• Step 7: Implementing for Success “The toilet rebate program saves more water faster… [and is] cheaper than cost of buildinginfrastructure to support high water demand.”Sunshine Coast Regional District (SCRD PC 2008).Step SummaryAn effective water conservation plan requires a detailed and thoughtful implementationstrategy. This final step provides a road map for getting the conservation portfolio off theground. An effective implementation strategy includes a realistic timeline and budget, andidentifies specific staff or municipal positions that will implement each conservationprogram.7.1 Considerations for Successful ImplementationAt this stage, it is advisable to pilot conservation programs before the plan is implementedon a large scale.Budget, staffing, and collaboration are important considerations in plan implementation andare explored in the following sections. As conservation is increasingly recognized as one ofthe best sources of new water, more municipalities like the City of Dawson Creek are hiringpermanent fulltime Water Conservation Coordinators (Personal Communication with KatieStevenson, August 2008). In smaller municipalities, the water utilities manager or operatorwill likely be responsible for overseeing and implementing conservation programs.However, it is possible to share staff and resources between communities as is done in theOkanagan basin.Develop short-term and long-term work plans. Table 7.1 outlines key considerations indeveloping a work plan. Note that planners can expect a delay between implementationand actual water saving results. It typically takes three or four years for conservationmeasures to become fully operational and up to ten years for full savings to be realized(AWWA 2006a:7).Implementing for Success Water utilities operators, finance staff, demand management coordinators, community WHO groups, business, politicians and community leaders. Develop a strategy, timeline and budget for implementing and delivering selected water WHAT conservation portfolio. Determine who will be responsible for delivery and implementation of each conservation HOW measure, and outline how it will be funded. Make a clear implementation resolution with timelines with political leaders. 63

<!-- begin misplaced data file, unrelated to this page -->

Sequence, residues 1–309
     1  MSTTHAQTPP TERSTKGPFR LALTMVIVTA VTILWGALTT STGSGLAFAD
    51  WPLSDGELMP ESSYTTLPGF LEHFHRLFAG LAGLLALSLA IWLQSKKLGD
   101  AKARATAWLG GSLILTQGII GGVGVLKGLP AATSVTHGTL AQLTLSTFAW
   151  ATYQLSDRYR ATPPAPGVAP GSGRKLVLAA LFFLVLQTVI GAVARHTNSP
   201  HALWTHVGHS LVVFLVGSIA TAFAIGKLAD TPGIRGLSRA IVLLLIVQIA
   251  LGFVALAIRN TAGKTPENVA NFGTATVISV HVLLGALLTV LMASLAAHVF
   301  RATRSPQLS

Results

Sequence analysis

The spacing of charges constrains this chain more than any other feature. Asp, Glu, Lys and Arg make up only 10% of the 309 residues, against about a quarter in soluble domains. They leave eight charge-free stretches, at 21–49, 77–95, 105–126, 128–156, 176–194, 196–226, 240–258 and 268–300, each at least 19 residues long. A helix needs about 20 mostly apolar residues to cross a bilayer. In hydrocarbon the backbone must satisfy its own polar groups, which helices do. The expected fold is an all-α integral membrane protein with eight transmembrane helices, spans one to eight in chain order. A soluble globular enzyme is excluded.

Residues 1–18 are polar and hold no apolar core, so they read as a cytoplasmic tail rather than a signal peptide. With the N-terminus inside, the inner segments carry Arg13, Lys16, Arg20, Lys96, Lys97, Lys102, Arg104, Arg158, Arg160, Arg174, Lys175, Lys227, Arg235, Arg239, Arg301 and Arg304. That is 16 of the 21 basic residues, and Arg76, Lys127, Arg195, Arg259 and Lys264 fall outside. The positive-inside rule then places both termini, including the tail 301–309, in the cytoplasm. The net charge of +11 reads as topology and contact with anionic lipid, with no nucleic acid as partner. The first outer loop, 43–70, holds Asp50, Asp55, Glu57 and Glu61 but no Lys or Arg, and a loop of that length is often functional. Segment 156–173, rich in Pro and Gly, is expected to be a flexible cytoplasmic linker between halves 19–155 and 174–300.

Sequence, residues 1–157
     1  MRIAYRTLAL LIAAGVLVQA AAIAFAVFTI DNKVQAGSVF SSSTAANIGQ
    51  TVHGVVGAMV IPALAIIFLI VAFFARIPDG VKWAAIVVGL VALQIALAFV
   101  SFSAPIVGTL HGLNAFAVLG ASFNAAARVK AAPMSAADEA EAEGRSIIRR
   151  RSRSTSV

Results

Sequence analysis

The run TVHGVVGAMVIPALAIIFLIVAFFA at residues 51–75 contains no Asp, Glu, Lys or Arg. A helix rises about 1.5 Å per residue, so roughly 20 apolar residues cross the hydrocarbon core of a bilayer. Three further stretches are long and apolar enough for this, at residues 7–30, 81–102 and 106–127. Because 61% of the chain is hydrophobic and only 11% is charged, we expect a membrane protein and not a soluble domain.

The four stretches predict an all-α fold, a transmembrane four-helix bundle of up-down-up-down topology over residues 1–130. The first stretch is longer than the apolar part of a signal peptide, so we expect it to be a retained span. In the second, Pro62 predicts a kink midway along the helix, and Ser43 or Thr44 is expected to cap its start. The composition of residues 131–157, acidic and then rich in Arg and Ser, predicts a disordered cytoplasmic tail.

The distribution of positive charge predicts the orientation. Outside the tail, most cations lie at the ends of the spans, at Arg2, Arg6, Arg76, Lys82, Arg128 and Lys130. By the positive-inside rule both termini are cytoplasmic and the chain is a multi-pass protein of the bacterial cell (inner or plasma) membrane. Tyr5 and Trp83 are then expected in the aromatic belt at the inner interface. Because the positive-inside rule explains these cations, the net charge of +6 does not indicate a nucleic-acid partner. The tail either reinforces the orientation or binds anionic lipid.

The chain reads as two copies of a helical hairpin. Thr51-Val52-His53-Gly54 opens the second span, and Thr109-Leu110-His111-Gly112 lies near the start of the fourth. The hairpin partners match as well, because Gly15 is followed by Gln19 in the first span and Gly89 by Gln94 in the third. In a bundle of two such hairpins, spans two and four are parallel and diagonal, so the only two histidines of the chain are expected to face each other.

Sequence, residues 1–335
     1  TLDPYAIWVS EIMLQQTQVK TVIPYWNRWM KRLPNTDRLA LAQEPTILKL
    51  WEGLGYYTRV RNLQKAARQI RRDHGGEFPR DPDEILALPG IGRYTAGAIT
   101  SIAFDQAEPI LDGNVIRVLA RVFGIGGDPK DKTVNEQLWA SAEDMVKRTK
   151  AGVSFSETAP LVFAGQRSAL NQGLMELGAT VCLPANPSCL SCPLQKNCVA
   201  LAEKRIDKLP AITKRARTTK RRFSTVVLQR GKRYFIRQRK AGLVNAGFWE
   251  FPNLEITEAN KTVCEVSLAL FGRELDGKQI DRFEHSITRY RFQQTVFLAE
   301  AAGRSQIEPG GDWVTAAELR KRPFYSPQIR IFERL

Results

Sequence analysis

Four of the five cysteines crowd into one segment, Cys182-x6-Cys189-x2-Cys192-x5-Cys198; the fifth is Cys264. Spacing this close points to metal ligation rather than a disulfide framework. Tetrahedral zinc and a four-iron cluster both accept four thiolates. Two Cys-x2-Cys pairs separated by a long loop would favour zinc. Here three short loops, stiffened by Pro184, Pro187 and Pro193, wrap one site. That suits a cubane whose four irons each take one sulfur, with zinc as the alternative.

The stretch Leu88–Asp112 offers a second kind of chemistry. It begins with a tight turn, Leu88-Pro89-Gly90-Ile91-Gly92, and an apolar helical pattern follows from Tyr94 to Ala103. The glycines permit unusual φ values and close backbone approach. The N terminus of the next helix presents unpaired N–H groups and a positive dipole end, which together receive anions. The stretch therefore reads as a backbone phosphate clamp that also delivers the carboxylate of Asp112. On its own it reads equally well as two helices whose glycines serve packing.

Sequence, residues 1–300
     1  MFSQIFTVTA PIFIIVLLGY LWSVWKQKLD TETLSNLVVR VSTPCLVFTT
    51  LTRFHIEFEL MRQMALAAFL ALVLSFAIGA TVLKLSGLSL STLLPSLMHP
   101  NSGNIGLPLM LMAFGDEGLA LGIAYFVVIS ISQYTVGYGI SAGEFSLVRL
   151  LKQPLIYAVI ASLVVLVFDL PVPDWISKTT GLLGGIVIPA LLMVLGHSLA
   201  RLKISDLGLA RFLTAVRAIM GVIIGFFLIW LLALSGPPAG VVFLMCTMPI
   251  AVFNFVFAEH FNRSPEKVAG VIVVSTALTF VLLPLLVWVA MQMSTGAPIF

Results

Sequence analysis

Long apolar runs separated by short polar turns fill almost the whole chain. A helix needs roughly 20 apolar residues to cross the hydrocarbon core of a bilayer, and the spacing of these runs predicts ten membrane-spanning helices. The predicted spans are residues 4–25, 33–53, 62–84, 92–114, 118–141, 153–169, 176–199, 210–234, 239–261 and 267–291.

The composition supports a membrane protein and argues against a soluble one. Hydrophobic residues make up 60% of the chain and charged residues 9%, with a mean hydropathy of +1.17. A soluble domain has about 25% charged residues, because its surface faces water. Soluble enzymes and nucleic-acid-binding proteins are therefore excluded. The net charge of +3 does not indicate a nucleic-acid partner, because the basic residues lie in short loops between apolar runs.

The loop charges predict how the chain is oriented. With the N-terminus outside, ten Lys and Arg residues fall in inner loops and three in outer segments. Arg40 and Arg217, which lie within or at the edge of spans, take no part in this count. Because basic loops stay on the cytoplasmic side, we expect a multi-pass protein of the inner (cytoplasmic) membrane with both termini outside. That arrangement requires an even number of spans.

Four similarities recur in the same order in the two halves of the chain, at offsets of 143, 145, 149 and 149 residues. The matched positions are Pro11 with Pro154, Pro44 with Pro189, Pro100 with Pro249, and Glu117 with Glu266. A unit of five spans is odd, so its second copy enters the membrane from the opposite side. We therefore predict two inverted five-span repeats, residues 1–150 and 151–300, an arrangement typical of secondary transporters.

• Table 7.1 Example of a Short-Term Implementation Timeline Category of Water Conservation Affected Water Saving Recommended Staffing Cost 2009 2010 2011 Measure Measure Water Use Target Implementation Outdoor max 1 in-house staff $25/hour Bylaw Lawn Watering Bylaw 20% 2008, ongoing X X X day Use staff pay - 2 in-house staff -Graphics Home audits, Indoor and Education 20% company two $5000 2009, ongoing X X X xeriscape workshops outdoor week contract - 2 students Efficient toilets andRebate Program Indoor 20% -1 in-house staff $200000 2011, ongoing X fixtures UpdateImplementation Total Use Ongoing Plan 64